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Metropolitan Museum to Offer Combined Same-Week Admission to The Cloisters

Beginning May 1, in celebration of the 75th-anniversary year of The Cloisters museum and gardens, The Metropolitan Museum of Art will offer same-week admission to The Cloisters for members of the public who visit the Metropolitan Museum’s main building first. Same-week combined admission is an enhancement and expansion of the same-day admission policy that has been in effect between the buildings for decades. A visitor with an admissions receipt from the Metropolitan Museum’s main building will be entitled to one additional admissions button to The Cloisters for up to seven days. The Cloisters—the Metropolitan’s branch museum dedicated to the art and architecture of the Middle Ages—is located in Fort Tryon Park, in northern Manhattan.

Thomas P. Campbell, Director and CEO of the Metropolitan Museum, commented: “The Cloisters is an extraordinary place, just a quick subway, bus, or taxi ride away from midtown Manhattan. But we recognize that visiting the Met’s main building and The Cloisters in one day is ambitious; now our millions of visitors can enjoy both experiences in the course of a week and join in the celebration of this important anniversary year.”

The Cloisters museum and gardens features renowned works from the Metropolitan Museum’s world-famous collection of medieval art, including the famed Unicorn Tapestries and hundreds of examples of exquisite stained glass, metalwork, enamels, ivories, and paintings, all in a magnificent architectural setting along the Hudson River that evokes the Middle Ages. An integral part of The Cloisters and among its major attractions when it opened in 1938 and today, the gardens are planted in reconstructed Romanesque and Gothic cloisters.

Special offerings will include the exhibitions Search for the Unicorn: An Exhibition in Honor of The Cloisters’ 75th Anniversary, a presentation of unicorn imagery in various media (on view May 15–August 18); Janet Cardiff: The Forty Part Motet, a sound installation of the Tudor composition Spem in alium by Thomas Tallis in The Cloisters’ Fuentidueña Chapel with its 12th-century apse (September 10–December 8); and Canterbury Stained Glass, a display of Romanesque stained-glass panels from England’s Canterbury Cathedral (February 25–May 18, 2014). Education programs include free regularly scheduled tours of the galleries and gardens, family programs on weekends, and a Garden Day in the summer. A highlight is the popular series of subscription concerts of medieval and Renaissance music in the spring and winter.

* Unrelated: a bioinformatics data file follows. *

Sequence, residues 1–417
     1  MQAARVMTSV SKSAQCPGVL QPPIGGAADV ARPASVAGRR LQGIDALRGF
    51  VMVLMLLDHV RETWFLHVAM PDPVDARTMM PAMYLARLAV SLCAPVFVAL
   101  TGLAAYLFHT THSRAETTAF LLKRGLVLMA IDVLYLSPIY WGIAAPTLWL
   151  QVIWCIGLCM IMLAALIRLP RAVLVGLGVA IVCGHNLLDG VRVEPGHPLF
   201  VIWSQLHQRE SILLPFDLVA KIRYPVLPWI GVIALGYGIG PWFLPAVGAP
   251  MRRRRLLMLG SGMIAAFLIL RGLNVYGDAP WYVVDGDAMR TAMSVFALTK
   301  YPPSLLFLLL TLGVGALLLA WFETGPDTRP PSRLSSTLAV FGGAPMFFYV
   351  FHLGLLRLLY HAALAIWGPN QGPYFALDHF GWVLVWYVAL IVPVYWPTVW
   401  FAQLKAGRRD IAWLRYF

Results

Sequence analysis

The Medieval Garden Enclosed, a regularly updated blog about the gardens at The Cloisters, has been featured on the website of the Metropolitan Museum since 2008 (http://blog.metmuseum.org/cloistersgardens/).

More information about The Cloisters and it 75-year history is available on the Museum’s website at www.metmuseum.org/cloisters.

Follow us on Facebook.com/metmuseum, Twitter.com/metmuseum, and Instagram.com/metmuseum to join the conversation about the anniversary. Use #Cloisters75 on Twitter and Instagram.

Credits:
Search for the Unicorn
: Made possible by the Michel David-Weill Fund and the Quinque Foundation; Janet Cardiff: The Forty Part Motet: Organized by The Metropolitan Museum of Art from the collection of the National Gallery of Canada, Ottawa. Support provided in part by Sarah Peter. Education programs: Made possible by the Louis and Anne Abrons Foundation, Inc. and The Winston Foundation, Inc.

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April 24, 2013

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